Common Causes Of The Compressor-Destroying Liquid Slugging Problem

Posted on: 18 July 2016


The air conditioning process is dependent on the ability of the air conditioning system to convert liquid refrigerant to a gas and then back to a liquid. To cool air, the liquid refrigerant absorbs heat from the passing air. This usually causes it to evaporate. But since the system needs to reuse this refrigerant, the system has to convert it back into a liquid. Part of the conversion process involves compressing the refrigerant gas and this is what a compressor does.

However, a problem usually arises when liquid refrigerant finds its way into the compressor. This is because parts of the compressor are designed to specifically deal with a gas. The presence of a liquid in this area is therefore something that they are not prepared to handle. As a result, parts of the compressor such as the piston, rotary vane pump and scroll spirals may end up getting damaged. This is what liquid slugging can do to your system. Here is what you should know about how this problem can arise.

Refrigerant overcharge

Under normal operations, the heat of the air passing over the evaporator coil is usually enough to convert all of the liquid refrigerant that is available in the evaporator coil into a gas.

However, when there is too much of the refrigerant in the system, this heat is likely not to be enough to cause all the refrigerant to turn into a gas. As a result, some of the refrigerant may then enter into the air conditioner's compressor while still in liquid form, something that may then cause extensive compressor damage.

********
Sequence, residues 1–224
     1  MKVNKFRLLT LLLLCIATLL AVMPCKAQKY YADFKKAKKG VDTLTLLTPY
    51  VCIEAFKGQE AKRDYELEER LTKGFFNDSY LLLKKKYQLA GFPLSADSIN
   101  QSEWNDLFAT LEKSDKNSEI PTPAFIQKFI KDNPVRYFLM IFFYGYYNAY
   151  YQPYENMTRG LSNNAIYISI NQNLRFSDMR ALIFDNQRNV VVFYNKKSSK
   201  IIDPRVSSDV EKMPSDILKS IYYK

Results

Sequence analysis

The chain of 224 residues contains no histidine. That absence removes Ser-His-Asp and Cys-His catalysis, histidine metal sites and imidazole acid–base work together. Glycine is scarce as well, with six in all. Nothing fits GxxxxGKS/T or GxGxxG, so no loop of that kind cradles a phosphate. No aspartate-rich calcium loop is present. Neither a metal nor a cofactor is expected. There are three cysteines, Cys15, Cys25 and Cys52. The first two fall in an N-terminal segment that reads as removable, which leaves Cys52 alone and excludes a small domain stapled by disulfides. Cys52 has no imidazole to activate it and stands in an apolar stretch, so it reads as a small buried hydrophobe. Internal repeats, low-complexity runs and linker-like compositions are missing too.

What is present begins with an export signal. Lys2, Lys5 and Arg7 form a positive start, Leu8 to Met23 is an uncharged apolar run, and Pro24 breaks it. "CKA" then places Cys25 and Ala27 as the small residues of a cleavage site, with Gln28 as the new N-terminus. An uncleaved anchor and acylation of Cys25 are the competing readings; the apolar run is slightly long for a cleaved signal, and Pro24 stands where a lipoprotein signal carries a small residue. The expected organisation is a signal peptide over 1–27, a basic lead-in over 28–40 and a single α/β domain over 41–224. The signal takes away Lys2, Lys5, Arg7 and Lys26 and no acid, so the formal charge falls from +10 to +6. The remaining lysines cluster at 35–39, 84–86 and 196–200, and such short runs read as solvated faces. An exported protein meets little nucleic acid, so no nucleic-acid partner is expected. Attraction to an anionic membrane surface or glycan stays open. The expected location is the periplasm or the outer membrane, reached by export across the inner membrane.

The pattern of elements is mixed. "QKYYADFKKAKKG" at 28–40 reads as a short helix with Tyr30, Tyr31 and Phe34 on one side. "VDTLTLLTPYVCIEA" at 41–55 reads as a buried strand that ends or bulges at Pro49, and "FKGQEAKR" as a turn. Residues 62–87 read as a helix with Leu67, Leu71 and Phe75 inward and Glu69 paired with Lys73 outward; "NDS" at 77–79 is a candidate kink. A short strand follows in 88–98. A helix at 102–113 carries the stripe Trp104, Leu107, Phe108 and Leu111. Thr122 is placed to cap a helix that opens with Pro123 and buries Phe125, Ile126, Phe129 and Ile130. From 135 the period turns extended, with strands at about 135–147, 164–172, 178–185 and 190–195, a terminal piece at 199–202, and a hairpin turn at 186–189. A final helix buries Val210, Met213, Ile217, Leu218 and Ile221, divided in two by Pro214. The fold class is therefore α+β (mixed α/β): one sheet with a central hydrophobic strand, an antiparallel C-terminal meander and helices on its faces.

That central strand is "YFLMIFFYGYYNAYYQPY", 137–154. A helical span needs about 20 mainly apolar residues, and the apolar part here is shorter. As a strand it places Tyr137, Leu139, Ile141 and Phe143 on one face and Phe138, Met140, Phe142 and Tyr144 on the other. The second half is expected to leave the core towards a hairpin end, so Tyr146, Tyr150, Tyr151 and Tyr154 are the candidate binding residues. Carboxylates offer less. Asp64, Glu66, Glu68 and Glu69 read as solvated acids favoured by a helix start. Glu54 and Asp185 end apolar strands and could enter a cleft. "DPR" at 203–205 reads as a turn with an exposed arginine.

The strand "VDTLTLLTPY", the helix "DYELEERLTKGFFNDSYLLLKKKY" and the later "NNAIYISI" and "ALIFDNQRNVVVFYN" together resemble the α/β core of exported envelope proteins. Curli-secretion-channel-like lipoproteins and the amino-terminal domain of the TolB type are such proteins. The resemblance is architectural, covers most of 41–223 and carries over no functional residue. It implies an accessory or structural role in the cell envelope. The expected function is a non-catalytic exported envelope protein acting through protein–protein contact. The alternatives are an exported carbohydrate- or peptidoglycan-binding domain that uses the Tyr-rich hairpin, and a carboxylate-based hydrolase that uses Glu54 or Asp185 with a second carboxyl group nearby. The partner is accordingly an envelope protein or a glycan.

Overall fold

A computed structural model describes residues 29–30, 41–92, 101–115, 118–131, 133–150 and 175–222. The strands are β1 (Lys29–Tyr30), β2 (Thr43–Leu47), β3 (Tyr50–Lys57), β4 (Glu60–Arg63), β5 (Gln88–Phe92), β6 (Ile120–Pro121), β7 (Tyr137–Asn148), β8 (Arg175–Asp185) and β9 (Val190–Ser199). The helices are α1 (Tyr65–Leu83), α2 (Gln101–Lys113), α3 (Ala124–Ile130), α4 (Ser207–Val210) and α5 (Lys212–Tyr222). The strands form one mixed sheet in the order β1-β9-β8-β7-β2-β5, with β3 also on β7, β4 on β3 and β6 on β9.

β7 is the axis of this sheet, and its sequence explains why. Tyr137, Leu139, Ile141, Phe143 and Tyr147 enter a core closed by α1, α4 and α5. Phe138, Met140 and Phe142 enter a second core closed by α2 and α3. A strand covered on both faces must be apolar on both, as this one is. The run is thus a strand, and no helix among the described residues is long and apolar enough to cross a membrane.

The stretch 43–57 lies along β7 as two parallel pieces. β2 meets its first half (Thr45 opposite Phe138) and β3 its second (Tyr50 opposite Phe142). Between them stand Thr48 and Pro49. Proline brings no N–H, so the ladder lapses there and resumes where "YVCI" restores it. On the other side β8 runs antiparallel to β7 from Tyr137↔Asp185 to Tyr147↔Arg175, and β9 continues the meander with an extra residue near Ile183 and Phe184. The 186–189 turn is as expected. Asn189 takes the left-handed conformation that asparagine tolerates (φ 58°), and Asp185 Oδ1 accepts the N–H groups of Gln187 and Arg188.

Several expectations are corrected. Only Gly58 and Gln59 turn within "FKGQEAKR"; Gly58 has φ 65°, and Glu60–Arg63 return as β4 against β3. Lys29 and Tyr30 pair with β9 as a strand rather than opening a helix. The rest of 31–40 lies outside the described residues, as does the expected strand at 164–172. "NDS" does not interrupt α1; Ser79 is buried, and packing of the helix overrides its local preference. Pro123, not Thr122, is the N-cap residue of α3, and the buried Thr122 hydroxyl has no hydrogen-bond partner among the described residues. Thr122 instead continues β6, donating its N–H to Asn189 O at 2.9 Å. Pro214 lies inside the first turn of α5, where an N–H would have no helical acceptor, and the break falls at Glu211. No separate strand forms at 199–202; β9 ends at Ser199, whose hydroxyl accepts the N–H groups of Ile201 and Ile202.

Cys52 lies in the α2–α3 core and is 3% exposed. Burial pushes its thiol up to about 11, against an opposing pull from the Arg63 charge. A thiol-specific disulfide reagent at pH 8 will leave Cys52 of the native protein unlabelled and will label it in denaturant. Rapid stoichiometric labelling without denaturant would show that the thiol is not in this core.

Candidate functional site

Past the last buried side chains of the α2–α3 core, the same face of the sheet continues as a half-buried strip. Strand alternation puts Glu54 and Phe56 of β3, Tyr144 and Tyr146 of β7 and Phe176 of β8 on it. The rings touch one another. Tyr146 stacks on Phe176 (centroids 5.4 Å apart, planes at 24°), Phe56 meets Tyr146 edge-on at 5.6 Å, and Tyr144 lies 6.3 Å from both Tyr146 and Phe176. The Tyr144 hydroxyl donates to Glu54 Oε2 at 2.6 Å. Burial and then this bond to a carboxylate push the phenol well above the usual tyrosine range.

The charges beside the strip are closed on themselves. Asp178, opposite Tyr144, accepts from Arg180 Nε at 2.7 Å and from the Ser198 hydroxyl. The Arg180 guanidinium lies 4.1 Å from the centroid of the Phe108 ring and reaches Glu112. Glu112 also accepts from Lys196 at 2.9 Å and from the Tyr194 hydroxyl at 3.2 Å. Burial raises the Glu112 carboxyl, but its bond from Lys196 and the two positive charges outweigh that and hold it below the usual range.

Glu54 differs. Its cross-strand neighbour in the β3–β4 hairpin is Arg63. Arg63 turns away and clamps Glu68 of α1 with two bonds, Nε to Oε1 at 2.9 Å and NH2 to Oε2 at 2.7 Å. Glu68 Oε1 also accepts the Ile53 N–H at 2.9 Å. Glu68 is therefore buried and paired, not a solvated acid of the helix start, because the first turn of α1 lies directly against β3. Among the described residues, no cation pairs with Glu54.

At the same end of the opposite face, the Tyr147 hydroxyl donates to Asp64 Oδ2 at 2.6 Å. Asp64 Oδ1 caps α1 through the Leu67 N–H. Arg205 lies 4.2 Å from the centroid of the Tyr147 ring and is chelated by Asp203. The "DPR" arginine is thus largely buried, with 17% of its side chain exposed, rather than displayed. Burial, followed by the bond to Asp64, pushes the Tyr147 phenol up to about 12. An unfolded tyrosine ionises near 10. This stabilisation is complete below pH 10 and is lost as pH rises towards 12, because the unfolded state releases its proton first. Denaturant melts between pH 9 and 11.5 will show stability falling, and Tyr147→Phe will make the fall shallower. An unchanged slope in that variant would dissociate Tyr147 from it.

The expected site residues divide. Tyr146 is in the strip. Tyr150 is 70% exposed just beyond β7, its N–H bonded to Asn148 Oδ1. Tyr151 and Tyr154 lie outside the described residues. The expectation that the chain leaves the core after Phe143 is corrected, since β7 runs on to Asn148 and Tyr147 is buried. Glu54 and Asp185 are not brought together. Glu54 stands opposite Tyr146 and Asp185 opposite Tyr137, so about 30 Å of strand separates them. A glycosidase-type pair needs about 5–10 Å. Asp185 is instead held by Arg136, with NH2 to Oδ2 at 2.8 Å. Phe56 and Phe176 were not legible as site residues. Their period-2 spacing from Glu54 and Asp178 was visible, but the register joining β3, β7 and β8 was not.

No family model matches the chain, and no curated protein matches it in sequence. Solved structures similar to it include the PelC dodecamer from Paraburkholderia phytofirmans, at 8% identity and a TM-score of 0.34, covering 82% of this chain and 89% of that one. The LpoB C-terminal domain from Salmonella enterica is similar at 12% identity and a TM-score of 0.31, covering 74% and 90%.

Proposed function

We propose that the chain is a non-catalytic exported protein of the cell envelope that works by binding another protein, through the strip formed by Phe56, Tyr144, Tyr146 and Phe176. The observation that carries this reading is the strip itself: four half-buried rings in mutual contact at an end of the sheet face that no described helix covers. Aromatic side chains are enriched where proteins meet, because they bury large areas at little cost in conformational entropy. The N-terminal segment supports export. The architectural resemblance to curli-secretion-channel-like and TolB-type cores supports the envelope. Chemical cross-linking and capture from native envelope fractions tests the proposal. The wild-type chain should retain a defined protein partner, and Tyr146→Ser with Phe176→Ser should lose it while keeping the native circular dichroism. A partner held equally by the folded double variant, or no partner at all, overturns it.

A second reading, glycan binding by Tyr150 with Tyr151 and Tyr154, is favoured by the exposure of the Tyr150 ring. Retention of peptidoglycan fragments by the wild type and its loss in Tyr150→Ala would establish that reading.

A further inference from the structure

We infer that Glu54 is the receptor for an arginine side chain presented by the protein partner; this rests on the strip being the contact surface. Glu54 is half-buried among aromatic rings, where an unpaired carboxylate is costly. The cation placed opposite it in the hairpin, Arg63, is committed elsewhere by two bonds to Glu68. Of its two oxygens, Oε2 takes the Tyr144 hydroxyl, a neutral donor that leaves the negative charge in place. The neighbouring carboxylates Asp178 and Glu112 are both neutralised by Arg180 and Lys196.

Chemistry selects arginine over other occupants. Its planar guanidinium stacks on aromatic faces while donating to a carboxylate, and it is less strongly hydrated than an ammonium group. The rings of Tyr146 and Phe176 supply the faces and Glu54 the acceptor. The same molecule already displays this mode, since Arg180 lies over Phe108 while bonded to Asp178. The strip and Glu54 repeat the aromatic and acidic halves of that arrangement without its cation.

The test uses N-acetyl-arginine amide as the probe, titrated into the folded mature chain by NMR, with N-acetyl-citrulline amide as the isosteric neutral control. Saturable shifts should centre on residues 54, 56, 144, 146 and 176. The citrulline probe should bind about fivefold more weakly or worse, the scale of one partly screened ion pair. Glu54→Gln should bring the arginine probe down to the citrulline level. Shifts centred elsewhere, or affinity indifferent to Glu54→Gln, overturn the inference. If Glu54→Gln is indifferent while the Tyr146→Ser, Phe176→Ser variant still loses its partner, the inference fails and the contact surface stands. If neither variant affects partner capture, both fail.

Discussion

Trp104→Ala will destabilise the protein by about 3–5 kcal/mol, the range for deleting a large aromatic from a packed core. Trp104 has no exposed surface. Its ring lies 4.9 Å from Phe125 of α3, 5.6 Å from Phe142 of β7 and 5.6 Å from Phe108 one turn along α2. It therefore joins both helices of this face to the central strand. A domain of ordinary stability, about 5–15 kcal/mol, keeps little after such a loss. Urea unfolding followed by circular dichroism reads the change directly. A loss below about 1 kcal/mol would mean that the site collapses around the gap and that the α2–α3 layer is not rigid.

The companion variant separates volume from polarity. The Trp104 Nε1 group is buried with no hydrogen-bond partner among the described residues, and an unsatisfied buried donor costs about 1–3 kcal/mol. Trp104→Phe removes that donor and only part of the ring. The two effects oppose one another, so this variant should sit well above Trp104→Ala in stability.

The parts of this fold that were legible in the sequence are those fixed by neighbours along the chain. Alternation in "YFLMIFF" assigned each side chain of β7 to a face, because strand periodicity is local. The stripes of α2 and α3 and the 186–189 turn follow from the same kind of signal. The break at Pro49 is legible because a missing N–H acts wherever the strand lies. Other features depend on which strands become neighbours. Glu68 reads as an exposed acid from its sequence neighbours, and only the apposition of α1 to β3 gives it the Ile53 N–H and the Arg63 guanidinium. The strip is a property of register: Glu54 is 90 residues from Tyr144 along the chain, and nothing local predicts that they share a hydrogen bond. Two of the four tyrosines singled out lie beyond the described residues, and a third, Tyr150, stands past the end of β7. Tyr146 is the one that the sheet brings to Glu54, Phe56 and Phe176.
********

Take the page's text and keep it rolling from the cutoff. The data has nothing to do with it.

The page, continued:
Malfunctioning thermostatic expansion valve

The thermostatic expansion valve acts as a gatekeeper. It is tasked with the role of ensuring that only a given amount of liquid refrigerant finds its way into the evaporator coil. This is important as it ensures that the evaporator coil area is only fed with as much refrigerant as is necessary to cause cooling. This also helps to maintain the low-pressure-area quality of the evaporator coil.

However, if your system has a defective thermostatic expansion valve, it may allow an excessive amount of liquid refrigerant to enter into the evaporator coil area. This is a problem since the warm air passing over the evaporator coil at any given time is limited. As a result, the heat available in the area will not be enough to convert all of the liquid refrigerant into a gas. Some of this liquid will then find its way into the compressor and hence causing liquid slugging problems.

Liquid slugging is a serious condition that not only reduces the efficiency of an air conditioning system, but also leads to extensive compressor damage. Replacing the malfunctioning thermostatic expansion valve and having a HVAC contractor empty and then recharge your air conditioning system is an easy way to avoid slugging-related costs. Contact a business, such as Biggerstaff Plumbing Heating & Air, for more information.